The “Status Quo” is Not an Option • We face large and growing structural deficits largely due to known demographic trends and rising health care costs • GAO’s simulations show that balancing the budget in 2040 could require actions as large as • Cutting total federal spending by 60 perc ent or • Raising federal taxes to 2 times today's level
Faster Economic Growth Can Help, but It Cannot Solve the Problem • Closing the current long-term fiscal gap based on reasonable assumptions would require real average annual economic growth in the double digit range every ye ar for the next 75 years • During the 1990s, the economy grew at an average 3.2 percent per year • As a result, we cannot simply gr ow our way out of this problem. Tough choices will be required
The Way Forward: A Three-Pronged Approach
1. Strengthen Budget and Legislative Processes and Controls
2. Improve Financial Reporting and Performance Metrics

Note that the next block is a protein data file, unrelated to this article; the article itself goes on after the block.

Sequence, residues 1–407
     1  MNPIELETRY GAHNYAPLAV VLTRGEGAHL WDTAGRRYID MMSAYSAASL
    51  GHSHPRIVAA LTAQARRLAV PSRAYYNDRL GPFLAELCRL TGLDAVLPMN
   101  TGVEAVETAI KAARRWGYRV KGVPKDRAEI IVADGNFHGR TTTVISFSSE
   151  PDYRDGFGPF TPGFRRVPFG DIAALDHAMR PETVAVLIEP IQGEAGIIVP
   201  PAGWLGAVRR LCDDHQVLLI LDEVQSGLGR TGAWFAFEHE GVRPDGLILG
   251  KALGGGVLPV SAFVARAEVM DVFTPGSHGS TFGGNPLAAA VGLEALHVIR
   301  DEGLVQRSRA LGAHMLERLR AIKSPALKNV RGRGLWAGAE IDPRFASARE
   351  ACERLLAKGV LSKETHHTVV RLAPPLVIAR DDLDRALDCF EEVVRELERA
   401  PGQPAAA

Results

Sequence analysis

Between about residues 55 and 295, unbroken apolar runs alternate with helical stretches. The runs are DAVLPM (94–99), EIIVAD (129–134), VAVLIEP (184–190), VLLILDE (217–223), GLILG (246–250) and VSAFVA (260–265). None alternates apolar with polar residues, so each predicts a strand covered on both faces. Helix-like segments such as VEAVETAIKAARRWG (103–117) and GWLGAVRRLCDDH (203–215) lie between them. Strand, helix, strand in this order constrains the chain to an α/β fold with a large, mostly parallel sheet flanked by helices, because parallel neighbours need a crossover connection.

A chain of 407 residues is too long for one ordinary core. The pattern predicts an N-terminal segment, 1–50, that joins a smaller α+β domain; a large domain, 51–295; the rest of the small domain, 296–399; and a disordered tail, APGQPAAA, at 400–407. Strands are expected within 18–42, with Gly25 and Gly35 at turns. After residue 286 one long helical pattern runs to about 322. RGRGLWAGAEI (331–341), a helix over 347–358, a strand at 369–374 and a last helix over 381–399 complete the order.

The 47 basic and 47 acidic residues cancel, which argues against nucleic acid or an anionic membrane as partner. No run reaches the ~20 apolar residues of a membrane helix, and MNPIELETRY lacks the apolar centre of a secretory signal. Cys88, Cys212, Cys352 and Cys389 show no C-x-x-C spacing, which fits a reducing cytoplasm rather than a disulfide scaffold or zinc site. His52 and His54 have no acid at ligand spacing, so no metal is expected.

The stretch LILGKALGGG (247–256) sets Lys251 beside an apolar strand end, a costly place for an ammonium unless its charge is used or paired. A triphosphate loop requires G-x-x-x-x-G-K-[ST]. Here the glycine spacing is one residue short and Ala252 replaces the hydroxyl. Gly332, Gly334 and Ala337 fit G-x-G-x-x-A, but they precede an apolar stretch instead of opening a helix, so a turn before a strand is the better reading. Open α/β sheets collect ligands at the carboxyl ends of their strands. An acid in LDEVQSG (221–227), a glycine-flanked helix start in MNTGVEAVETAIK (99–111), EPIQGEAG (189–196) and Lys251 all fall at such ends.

3. Fundamental Reexamination & Transformation for the 21stCentury (i.e., entitlement programs, other spending, and tax policy)
Solutions Require Active Involvement from both the Executive and Legislative Branches
Selected State and Local Fiscal Challenges
States have many of their own fiscal challenges, including: • Unsustainable Medicaid cost increases
• Unfunded liabilities of state retirement systems (e.g., pensions and health)
• Education funding squeezed by competing demands
• Infrastructure maintenance and expansion needs given unparalleled sprawl and congestion
• Emergency preparedness response and recovery needs (e.g., natural disaster, terrorist incident, pandemic flu)
GAO has ongoing work examining our total national fiscal exposure (federal, state, and local)
Accountability Organization Maturity Model
Facilitating Foresight
Increasing Insight